I hear stories every week from people who do not feel chosen. I witness folks who behave in ways that indicates to me that they are primed to feel rejected. Often it appears to turn into a self-fulfilling prophecy for people who seem pre-wired in every situation to feel left out and alone and seem to hone in on any perceived slight as a reason to confirm their belief that they are not “good enough.” The eunuch asks a question that implies a state of mind - I do belong. I can be part of. I will get baptized! Today - what can you believe in about yourself in light of who God is and how he provides?

The Limits of Forgiveness: Part II

3 Be on your guard! If another disciple sins, you must rebuke the offender, and if there is repentance, you must forgive. 4 And if the same person sins against you seven times a day, and turns back to you seven times and says, ‘I repent,’ you must forgive.”

Luke 17:3-4, NRSV

We're unpacking the "limits" of forgiveness. Yesterday we talked about the fact that Jesus' vision of forgiveness applies to those who stand in God's community. The second limit is this:


The passage says, “…if there is repentance, you must forgive.” Is it true, then, that a lack of repentance does not oblige us to forgive? It's unclear to me how much to read into this because I believe the most fundamental point being made is that we remain ever open to forgive those who repent (in community). Remember this instruction is to people who are in community together. This instruction that obligates forgiveness, then, is a secondary limitation (because you are only obliged to follow this procedure in community).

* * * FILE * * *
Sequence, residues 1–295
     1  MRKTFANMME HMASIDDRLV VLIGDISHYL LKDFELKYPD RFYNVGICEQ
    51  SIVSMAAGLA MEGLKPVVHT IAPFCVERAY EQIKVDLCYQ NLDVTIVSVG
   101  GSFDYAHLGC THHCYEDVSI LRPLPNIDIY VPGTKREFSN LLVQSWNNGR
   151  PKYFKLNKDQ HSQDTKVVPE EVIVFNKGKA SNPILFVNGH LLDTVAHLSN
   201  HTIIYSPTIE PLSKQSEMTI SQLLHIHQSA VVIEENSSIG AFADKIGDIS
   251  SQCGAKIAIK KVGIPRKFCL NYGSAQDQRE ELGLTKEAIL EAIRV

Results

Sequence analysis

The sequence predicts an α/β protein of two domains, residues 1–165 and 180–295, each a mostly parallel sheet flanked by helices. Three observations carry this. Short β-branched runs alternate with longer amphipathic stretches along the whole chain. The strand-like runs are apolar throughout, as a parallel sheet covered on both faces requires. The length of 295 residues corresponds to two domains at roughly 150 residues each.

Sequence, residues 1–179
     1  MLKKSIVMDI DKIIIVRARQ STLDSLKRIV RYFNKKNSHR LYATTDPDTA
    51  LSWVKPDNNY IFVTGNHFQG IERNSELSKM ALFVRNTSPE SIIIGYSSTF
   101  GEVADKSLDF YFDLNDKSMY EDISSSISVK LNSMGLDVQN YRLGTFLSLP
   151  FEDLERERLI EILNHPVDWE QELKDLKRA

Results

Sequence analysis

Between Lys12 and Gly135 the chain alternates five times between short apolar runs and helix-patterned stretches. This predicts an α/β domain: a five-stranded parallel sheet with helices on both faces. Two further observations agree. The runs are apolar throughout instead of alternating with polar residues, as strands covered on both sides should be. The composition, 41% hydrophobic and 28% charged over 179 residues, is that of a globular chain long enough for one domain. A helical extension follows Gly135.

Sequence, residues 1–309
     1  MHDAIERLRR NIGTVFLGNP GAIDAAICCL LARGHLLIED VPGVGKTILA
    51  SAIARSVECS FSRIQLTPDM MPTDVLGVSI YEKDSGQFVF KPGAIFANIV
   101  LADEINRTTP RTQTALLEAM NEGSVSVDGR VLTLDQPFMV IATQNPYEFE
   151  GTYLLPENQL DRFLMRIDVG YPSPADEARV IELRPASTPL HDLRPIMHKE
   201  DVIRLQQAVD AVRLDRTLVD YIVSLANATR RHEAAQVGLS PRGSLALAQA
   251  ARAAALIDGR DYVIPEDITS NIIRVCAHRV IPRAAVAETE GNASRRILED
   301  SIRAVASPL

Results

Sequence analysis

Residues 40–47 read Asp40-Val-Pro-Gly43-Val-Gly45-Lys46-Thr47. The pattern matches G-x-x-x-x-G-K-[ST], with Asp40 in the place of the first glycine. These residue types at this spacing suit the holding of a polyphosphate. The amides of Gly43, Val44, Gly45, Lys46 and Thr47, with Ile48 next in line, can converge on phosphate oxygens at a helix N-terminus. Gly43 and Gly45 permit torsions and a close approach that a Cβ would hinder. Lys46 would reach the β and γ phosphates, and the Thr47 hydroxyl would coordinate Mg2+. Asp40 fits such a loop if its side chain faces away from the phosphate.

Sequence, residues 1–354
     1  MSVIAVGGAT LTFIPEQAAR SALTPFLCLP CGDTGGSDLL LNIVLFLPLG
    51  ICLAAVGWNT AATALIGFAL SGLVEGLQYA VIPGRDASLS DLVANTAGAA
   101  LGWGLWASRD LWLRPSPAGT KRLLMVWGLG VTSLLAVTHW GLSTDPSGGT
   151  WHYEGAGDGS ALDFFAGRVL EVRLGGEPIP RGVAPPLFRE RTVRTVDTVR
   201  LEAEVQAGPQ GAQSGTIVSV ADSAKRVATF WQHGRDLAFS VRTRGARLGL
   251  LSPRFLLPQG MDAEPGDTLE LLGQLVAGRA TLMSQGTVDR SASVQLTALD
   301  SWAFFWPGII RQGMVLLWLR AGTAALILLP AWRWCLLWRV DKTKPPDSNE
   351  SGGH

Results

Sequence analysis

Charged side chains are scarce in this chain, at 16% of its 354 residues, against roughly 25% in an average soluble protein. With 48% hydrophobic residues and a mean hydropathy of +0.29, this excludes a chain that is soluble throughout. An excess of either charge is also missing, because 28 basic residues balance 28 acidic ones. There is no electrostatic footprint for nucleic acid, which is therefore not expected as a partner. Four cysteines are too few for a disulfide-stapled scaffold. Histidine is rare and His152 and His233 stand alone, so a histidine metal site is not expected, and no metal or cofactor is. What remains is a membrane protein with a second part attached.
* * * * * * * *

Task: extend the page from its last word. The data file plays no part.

But, all the same, it is certainly possible that a lack of repentance does not oblige us to forgive. Repentance itself may be a limitation of forgiveness in in community relationships.

A word of caution: It's important how we use this information. It's probably not a great idea to use these limitations as excuses or loop holes. I'm pointing out these limitations not so that we can get off the hook, but so that we can stop shaming ourselves for how difficult forgiveness can be. These limitations help us see that there is not something wrong with us when we struggle to forgive. It is so often the case that it is forgiveness itself that has limits, and not that we are "bad" at forgiving.

If we've been wronged, there may be a great deal of shame that comes with that. If we've been wronged, and we cannot "forgive" (in our culture's definition), then we're living in the shame of being a person who is wronged and the shame of being a "bad" forgiver. That just is not right.


I have not always appreciated generosity for the gift it is.  Generosity isn’t just about sharing the last cookie or perhaps making a sacrificial financial donation to a worthy cause - I understand that kind of generosity and have myself been the grateful recipient of such generosity.